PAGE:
Rescuing Texas History, 2007 - 4 Matching Results

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[La Grande Station in Los Angeles]
The old Santa Fe passenger depot, La Grande Station, in Los Angeles, California around 1920.
[Early "California Limited" entering Los Angeles]
One of the early "California Limiteds" entering the suburbs of Los Angeles, possibly dating from the late 1870's. The ten-wheeler, type 4-6-0, heading the train bears an original Santa Fe engine No. 54, indicative of ancient age. At the turn of the century the Santa Fe owned a large fleet of these locomotives: 478 ten-wheelers; these were versatile engines, known as "Jack of all Trades." However, no steam locomotives of this type were built to Santa Fe blueprints later than 1901. Observe the consist: the old weather-worn wooden railway post office car in the lead and the other open-platform wooden cars - all heated by potbellied iron stoves which burned wood or coal, and illuminated by kerosene. In this era, travel by rail had potential hazards but its popularity never waned.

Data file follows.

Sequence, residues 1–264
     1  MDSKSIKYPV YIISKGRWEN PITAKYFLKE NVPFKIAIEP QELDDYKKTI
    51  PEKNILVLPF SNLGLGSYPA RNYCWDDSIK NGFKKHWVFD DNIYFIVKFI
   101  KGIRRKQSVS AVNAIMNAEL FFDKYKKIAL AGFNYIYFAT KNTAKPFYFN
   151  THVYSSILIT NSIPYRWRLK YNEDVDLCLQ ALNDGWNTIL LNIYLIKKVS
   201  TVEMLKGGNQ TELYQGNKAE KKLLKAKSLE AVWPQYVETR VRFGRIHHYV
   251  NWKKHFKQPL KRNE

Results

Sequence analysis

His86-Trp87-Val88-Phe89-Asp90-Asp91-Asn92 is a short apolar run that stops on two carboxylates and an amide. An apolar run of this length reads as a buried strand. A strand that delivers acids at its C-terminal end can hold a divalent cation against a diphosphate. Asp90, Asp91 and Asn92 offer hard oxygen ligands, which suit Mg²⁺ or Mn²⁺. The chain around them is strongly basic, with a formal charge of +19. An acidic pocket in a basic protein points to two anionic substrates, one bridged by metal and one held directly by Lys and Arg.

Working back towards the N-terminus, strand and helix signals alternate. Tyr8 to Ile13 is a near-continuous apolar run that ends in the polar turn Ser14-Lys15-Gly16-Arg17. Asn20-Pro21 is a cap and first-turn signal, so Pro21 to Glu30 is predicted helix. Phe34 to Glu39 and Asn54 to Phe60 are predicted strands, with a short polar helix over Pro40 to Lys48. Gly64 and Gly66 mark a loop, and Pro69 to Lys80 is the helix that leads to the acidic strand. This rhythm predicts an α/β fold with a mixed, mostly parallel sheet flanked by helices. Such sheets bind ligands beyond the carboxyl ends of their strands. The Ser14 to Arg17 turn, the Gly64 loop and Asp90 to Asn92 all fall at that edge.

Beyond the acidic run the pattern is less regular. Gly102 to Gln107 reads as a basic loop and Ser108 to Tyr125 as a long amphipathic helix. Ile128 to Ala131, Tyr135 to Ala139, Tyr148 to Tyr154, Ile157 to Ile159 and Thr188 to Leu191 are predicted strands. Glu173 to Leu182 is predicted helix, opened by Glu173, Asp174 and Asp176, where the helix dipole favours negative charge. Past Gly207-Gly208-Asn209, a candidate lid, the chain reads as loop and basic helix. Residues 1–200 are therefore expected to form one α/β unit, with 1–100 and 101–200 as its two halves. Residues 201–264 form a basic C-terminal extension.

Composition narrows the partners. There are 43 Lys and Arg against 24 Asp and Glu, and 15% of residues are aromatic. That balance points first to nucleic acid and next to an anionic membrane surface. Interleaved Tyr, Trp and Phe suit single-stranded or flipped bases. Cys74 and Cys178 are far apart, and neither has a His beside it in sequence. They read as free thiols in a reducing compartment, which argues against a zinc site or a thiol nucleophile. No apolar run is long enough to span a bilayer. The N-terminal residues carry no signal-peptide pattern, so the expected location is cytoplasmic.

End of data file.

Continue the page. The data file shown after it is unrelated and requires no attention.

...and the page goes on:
["The California Limited"]
Santa Fe's oldest name train - the California Limited stand in the Los Angeles California depot. This de Luxe passenger train headed by a beautiful ten wheeler, type 4-6-0 engine No. 53, with a consist of six superb passenger cars, all handcrafted wood - having open platforms and under body truss rods - has consummated its long journey - approximately 2,267 miles - requiring about 68 hours - from Chicago.
[Photograph of "Sunset Limited" at Los Angeles Terminal Station]
Photograph of Southern Pacific's "Sunset Limited" train No. 1, westbound, headed by diesel locomotive 6042, crossing the Los Angeles River near the Los Angeles Terminal Station on March 19, 1954.